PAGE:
Nokia teeters on the edge with abysmal results

Nokia has announced its financial results, and they are pretty grim for the Finnish phone maker.

Operating losses for the first quarter totalled a massive €1.34 billion ($1.76 billion) as the firm took a battering from its competitors.

This compares with an operating profit of €439 million ($576 million) in the same period last year as the “burning platform” CEO Steven Elop took over threatens to sizzle to a crisp.  

Revenues were also down 29 percent to €7.39 billion ($9.7 billion) amid rumours of a staff cull.

Earlier in the week investors were warned to stay away with its rating lowered to one above “junk” by Moody’s Investors services.

“We are navigating through a significant company transition in an industry environment that continues to evolve and shift quickly,” Elop said in a statement upon announcement of the results. 

Elop cited “greater than expected competitive challenges” for seeing the phonemaker dip into a large loss.

Despite the decent reception of the Lumia devices, some reception hiccups aside, it seems that there is still a long way to go if Nokia is to keep fighting.

The firm still claims to have €4 billion of net cash on its balance sheet, but with a few more performances like this it will be back to making rubber boots for the Finnish firm.

Part of the problem has also been the attack on its low end phone business.  Nokia has always performed well in India, for example, but it is in emerging markets like this that Nokia has faced a stiff challenge from cheaper Android handsets.

Elop says the firm will focus efforts in the “low-end of smartphones and feature phone assets to drive improved business results and conserve cash”.  This will mean continuing to renew its Series 40 offerings which have proved popular.

At the high end, the firm is struggling to differentiate itself despite ad campaigns trying to highlight how one shiny touchscreen phone can be different from another. Customers are repeatedly leaning towards Android and iOS rather than Windows.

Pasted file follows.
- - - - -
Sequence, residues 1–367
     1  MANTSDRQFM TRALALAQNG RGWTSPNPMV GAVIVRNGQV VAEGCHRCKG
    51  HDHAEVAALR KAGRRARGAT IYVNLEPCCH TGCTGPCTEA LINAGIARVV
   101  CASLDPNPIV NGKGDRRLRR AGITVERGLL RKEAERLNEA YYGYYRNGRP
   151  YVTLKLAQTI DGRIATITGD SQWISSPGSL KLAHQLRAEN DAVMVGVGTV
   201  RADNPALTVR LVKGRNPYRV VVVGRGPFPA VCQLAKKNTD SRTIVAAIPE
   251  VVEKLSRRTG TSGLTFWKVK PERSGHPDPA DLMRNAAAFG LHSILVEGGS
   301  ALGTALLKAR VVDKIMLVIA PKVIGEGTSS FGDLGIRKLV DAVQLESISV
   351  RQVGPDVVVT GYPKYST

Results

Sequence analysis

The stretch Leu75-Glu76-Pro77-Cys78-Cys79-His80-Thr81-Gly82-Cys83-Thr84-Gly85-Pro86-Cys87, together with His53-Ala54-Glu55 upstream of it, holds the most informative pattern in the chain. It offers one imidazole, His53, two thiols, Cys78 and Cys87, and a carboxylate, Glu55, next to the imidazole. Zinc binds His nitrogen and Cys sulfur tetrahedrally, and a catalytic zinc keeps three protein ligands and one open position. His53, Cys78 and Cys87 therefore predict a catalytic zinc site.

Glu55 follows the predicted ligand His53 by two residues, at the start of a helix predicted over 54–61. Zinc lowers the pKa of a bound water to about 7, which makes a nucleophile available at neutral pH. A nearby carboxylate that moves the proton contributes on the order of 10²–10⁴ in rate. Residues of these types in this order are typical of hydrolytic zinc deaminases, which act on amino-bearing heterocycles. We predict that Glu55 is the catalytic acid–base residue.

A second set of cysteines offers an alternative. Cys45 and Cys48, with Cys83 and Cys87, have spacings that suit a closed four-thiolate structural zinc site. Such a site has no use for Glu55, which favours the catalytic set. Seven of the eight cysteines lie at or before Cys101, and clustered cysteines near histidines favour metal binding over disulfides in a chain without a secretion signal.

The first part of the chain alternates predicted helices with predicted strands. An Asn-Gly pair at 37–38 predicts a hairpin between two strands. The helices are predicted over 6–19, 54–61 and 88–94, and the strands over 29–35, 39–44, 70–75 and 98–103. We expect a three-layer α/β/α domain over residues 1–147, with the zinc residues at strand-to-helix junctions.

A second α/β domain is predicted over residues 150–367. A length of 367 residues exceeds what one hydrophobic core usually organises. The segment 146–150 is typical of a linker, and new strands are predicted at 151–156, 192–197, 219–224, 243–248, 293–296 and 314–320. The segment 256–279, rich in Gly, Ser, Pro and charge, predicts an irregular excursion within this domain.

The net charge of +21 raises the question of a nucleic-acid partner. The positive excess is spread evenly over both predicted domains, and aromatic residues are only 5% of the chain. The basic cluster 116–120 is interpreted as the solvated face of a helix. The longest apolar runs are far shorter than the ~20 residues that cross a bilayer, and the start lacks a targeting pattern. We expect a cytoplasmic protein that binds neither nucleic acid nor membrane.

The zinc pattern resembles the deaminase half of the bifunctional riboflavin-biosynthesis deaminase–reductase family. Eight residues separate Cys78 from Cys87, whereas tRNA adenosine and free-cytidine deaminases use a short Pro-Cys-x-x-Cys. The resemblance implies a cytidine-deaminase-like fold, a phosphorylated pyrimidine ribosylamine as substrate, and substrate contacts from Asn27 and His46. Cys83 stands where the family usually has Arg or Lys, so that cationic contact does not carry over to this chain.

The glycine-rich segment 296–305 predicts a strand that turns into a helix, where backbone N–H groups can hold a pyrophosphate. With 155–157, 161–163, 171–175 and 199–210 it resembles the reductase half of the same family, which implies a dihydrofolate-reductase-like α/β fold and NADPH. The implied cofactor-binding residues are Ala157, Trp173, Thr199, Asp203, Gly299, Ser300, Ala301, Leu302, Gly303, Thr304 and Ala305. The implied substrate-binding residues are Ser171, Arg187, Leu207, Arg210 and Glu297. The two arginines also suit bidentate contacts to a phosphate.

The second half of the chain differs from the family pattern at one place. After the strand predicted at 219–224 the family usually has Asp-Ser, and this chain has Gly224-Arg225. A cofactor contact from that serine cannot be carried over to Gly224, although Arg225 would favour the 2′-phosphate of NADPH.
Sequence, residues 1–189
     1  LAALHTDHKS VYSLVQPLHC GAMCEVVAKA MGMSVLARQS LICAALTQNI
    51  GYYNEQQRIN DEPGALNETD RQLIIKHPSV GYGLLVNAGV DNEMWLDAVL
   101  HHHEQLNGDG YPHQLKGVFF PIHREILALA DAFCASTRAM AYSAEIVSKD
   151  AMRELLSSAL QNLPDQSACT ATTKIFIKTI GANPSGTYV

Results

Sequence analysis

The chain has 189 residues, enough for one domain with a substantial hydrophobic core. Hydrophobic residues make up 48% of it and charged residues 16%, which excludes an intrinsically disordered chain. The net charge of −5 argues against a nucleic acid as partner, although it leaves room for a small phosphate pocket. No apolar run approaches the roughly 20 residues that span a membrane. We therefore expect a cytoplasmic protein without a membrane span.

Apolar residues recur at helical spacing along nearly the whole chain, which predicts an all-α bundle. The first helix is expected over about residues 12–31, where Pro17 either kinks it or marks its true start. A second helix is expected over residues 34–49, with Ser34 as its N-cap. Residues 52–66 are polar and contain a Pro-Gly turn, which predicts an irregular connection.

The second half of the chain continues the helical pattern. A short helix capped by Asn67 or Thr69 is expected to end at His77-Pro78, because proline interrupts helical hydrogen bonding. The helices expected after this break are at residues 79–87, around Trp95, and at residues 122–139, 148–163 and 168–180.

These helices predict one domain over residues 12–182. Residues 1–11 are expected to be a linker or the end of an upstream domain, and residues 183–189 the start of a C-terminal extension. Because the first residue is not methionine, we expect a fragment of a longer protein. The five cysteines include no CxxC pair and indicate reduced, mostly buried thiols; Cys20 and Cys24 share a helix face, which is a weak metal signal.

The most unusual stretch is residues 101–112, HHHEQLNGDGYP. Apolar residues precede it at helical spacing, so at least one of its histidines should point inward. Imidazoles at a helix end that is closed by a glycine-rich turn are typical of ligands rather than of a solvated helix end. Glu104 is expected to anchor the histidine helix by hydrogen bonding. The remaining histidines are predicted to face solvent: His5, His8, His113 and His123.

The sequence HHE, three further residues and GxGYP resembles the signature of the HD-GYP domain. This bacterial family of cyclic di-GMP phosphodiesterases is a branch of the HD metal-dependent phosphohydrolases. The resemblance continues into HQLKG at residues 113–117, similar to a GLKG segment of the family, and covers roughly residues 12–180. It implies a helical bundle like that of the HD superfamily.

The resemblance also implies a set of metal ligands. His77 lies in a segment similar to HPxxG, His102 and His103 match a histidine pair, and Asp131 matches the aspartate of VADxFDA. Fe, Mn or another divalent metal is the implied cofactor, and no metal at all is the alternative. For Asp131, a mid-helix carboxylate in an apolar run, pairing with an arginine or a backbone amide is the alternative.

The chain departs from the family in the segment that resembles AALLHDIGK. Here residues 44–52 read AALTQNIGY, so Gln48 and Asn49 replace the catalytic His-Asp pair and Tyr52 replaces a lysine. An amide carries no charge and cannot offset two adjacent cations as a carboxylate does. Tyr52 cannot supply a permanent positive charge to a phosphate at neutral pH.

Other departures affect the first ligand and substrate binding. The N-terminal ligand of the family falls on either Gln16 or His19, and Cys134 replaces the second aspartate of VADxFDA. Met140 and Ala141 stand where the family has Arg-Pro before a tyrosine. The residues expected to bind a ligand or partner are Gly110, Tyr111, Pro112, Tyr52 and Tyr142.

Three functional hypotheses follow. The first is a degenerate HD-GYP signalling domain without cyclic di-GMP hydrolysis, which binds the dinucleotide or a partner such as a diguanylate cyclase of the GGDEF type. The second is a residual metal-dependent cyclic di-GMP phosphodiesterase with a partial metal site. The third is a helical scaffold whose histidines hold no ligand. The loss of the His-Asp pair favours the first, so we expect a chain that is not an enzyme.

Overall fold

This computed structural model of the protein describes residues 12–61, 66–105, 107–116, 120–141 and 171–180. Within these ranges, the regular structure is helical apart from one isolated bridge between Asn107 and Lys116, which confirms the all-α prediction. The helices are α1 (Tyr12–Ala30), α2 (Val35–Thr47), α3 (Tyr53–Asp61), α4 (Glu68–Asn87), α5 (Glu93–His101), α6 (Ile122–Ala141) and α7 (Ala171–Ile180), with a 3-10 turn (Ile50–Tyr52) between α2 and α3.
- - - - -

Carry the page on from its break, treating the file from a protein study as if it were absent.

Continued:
If it does not manage to solve its conundrum soon, the promise of a powerful Nokia / Windows partnership could soon be at an end.

According to uSwitch mobile expert Ernest Doku, Nokia will have to move fast to avoid disaster.

“This massive net loss proves Nokia’s illustrious past as a top mobile manufacturer counts for nothing on the cutthroat smartphone scene,” he told TechEye.

“The Finnish firm’s great white hopes, the new flagship Lumia 900 and Lumia 710, are slick and well-made and the Windows Phone platform performs on a par with the best Android devices. But whether or not these will improve Nokia’s performance going forward remains to be seen.”

He reckons that putting all of its eggs in one basket is not helping its survival prospects.

“You do get the sense that Nokia has pinned all its hopes on one flagship phone, and if you’re not Apple that’s risky game play. This is something Samsung has recognised, hitting the market with its fleet of Galaxy handsets,” he said.

In the low end segment Nokia is also in trouble.

“Nokia’s Asha phones are popular in developing markets but this is fast becoming just as competitive as the high-end smartphone scene in the developed world,” Doku said.